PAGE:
Thursday, October 09, 2008

Pity for the Vampire

I was sitting in the doctor's office today after my treatment (happy happy joy joy) and some sweet old soul was talking to me like you do when you are in strange social settings. She asked me if I was a patient or was I waiting for someone. I showed her the hospital bracelet I always have to wear. There was that look of pity. I hate it when they do that.

So, it dawned on me as I read my book, that that is the reason Bill always warns Sookie off from pitying him and all he lost when he became a Vampire. When it is done to you, you feel this wave of "poor thing" wash over you emanating from the person you speak to. Being a aurist and sensitive to people's vibes and auras, my illness makes it worse. And with the sickness, I am more aware of their rainbow like colors in that sunburst halo. I suppose I have something in common with Sookie, in that I have scruples that tell me that I am unethical to just go about looking at people's auras. Thing is, I can't see my own and tell if I am getting better or not. But maybe it is better if I not know. But let's get back to Vampires, shall we.

Bill has lost a lot in his time for being a vampire. He lost his mother and father, his beloved sister, his wife and children, all because his being a Vampire made it impossible to go home, because now he is the stuff of myth and legend, a souless monster wandering the night looking for humans to feed on. He would place his family in jeopardy if he tried to allow his family to harbor him, even if they could accept that he is a Vampire.

And he walked through nearly two centuries, either alone or in the company of others like him, who I think that despite his declaration that he craves the company of other Vampires, he actually despises them, and himself a little. Maybe that is what is wrong in Bill and Sookie's affaire d'amour. He can't let go of that whole Vampiric arrogance because he sees himself as nonhuman, but he doesn't really like what has happened to him. Unlike Louis in Interview with a Vampire, Bill was forced to be a Vampire by the woman who made him and then forced again to leave his loved ones by this same female Vampire.

But Sookie is human, warm and alive, and she loves Bill and it hurts her to think of all he lost because she knows how she would feel if something bad happened to him. She understands loss, with the brutal murder of her grandmother and the deaths of her father and mother. She wants to show him compassion, and maybe that is what Bill is really afraid of, the compassion. Passion is different, it is hot and liquid and fun to play with and in. Compassion is a complicated, complex thing. It makes you vulnerable, even more so than passion. Once you lose your ability to be compassionate, you lose your soul to indifference. And on many levels, for a sensitive man like Bill Compton, compassion was something he could not really afford. Compassion, after all, requires that you feel things that are painful.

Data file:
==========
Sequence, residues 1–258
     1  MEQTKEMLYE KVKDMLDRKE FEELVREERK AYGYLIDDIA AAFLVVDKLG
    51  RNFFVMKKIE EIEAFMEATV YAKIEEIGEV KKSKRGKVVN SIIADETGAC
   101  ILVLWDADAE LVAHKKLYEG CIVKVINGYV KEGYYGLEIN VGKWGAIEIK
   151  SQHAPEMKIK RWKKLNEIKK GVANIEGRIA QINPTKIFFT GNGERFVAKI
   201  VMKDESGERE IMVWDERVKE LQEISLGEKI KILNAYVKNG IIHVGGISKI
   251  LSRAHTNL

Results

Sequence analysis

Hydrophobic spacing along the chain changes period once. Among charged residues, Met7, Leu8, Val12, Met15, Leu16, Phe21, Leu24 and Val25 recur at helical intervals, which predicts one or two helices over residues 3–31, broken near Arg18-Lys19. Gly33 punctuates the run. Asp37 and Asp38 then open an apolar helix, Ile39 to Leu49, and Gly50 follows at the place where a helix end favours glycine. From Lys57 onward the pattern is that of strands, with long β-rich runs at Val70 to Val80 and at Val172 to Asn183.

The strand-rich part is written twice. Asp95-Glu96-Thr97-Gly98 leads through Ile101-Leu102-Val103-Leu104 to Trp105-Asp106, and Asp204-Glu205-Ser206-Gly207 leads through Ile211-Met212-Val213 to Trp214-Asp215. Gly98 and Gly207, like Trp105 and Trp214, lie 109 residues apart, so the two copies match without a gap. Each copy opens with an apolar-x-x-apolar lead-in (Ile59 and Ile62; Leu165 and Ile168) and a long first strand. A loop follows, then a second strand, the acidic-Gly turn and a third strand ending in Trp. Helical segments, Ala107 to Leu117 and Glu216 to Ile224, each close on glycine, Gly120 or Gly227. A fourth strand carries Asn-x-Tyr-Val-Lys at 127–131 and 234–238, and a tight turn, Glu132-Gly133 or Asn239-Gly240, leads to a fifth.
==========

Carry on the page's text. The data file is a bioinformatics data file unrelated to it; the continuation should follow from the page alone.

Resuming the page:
So does Bill or any other Vampire for that matter, have a soul? We play with the notion of a Vampire with a soul in popular culture, Louie, Angel, now Bill Compton. Even on the series Charmed Cole, the demon Balthasar, was half human and possessed a soul. Why do we want in this day and age to endow the Vampire with a soul? Is it so we will like them better? Is it that we hope that characters like Bill Compton can fall in love with their Sookie and live happily ever after? Is it so that we can believe in a redemption for them, that God might pity them? That's ironic.

Francis Ford Coppola's take on Bram Stoker's Dracula played on that notion, that Mina's love for the Count, albiet a bit glamoured, would free him from the curse that condemned him to his state as Vampire and give him peace, in otherwords, salvation.

Will embracing compassion and empathy make Bill feel and be more human? Will it help him with his angers and rages and hungers? If he does that, is he like the Children of Lir who were turned into a swans and when they were freed after a thousand years, they became old people and died? Will compassion and empathy kill our beloved Bill Compton and cause him to lose what he craves the most, almost more than blood and that is a normal life? We shall have to see.